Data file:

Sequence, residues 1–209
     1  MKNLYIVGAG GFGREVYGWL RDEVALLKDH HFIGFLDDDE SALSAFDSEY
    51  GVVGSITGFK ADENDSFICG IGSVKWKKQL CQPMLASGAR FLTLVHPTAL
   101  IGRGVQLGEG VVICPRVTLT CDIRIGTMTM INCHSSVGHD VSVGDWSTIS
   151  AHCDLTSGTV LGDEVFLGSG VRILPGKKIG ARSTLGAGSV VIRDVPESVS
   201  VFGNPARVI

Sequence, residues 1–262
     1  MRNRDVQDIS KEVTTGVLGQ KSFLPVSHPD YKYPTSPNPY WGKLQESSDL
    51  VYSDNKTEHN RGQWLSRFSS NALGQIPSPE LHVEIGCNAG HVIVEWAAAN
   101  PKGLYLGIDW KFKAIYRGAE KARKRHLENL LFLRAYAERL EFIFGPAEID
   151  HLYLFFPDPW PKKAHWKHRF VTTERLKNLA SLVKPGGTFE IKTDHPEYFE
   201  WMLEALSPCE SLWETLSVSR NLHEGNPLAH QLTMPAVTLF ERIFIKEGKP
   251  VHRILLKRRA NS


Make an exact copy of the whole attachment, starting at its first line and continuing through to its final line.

Sequence, residues 1–209
     1  MKNLYIVGAG GFGREVYGWL RDEVALLKDH HFIGFLDDDE SALSAFDSEY
    51  GVVGSITGFK ADENDSFICG IGSVKWKKQL CQPMLASGAR FLTLVHPTAL
   101  IGRGVQLGEG VVICPRVTLT CDIRIGTMTM INCHSSVGHD VSVGDWSTIS
   151  AHCDLTSGTV LGDEVFLGSG VRILPGKKIG ARSTLGAGSV VIRDVPESVS
   201  VFGNPARVI

Sequence, residues 1–262
     1  MRNRDVQDIS KEVTTGVLGQ KSFLPVSHPD YKYPTSPNPY WGKLQESSDL
    51  VYSDNKTEHN RGQWLSRFSS NALGQIPSPE LHVEIGCNAG HVIVEWAAAN
   101  PKGLYLGIDW KFKAIYRGAE KARKRHLENL LFLRAYAERL EFIFGPAEID
   151  HLYLFFPDPW PKKAHWKHRF VTTERLKNLA SLVKPGGTFE IKTDHPEYFE
   201  WMLEALSPCE SLWETLSVSR NLHEGNPLAH QLTMPAVTLF ERIFIKEGKP
   251  VHRILLKRRA NS